Spirituality is good for the bottom line, according to research from India. Writing in the International Journal of Business Excellence, researchers from Anna University, in Chennai explain how spiritual theories in India are based on the principle of unanimity, integrating physical, mental, emotional and spiritual aspects of people through dharma (righteousness). They point out that the Bhagavad Gita highlights the practice of spirituality and ethics in the workplace. In their paper, they review twenty years of research into the spiritual aspects of business practice in this context and define workplace spirituality from a new perspective. They also delineate its dimensions as a persistent positive state of work environment that promotes spiritual awakening and enhances business ethics.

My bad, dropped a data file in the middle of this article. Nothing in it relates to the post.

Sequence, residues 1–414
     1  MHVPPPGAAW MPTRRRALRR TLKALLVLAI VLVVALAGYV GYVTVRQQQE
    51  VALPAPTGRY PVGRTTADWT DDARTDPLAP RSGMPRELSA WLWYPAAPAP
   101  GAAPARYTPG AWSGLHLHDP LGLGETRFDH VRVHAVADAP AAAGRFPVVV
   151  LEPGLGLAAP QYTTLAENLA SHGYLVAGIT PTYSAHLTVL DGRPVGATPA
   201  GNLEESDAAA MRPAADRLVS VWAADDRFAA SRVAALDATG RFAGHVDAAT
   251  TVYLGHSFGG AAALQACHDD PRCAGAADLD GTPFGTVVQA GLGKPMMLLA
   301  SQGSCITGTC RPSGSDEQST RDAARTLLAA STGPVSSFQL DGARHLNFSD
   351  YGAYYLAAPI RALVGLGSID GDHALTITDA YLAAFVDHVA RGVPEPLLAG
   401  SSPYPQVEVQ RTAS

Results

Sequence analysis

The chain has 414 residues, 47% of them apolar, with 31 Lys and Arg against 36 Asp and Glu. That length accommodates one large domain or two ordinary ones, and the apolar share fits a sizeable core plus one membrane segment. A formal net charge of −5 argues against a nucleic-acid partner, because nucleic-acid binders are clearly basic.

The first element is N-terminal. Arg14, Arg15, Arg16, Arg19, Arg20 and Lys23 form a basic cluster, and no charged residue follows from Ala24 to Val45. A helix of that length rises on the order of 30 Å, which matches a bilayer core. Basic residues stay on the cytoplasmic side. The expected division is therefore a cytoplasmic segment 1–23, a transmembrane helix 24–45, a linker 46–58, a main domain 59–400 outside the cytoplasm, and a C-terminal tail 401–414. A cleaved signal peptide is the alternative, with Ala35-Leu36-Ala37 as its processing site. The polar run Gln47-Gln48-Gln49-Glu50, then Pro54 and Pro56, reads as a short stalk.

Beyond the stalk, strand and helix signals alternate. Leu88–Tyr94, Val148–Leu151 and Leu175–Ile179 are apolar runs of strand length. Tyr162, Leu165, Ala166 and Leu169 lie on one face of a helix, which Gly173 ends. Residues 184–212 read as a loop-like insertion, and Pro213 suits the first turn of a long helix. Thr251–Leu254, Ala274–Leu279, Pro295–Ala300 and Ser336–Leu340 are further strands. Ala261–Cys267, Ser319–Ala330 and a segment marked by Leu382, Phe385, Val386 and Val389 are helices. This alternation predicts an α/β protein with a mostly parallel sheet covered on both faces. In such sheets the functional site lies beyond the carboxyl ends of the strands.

The team suggests that there is a need for a new wave of spirituality in business suggesting that workers must carry out their tasks not only with their brain and limbs but also with heart and spirit. They add that “Western” thought has often been concerned with spirituality and finding links to “Eastern” philosophy. “Workplace spirituality is applicable to practically every organization,” they suggest, in the West or the East.
The team has extended the theory of the positive relationship between workplace spirituality and business ethics. Indeed, they suggest that supporting and nurturing spiritual practices in an organisation can maximize the “triple bottom line”: people, profit, and planet.
Srilalitha, R. and Supriya, M.V. (2019) ‘Workplace spirituality: insights from the Bhagavad Gita’, Int. J. Business Excellence, Vol. 17, No. 2, pp.210–229.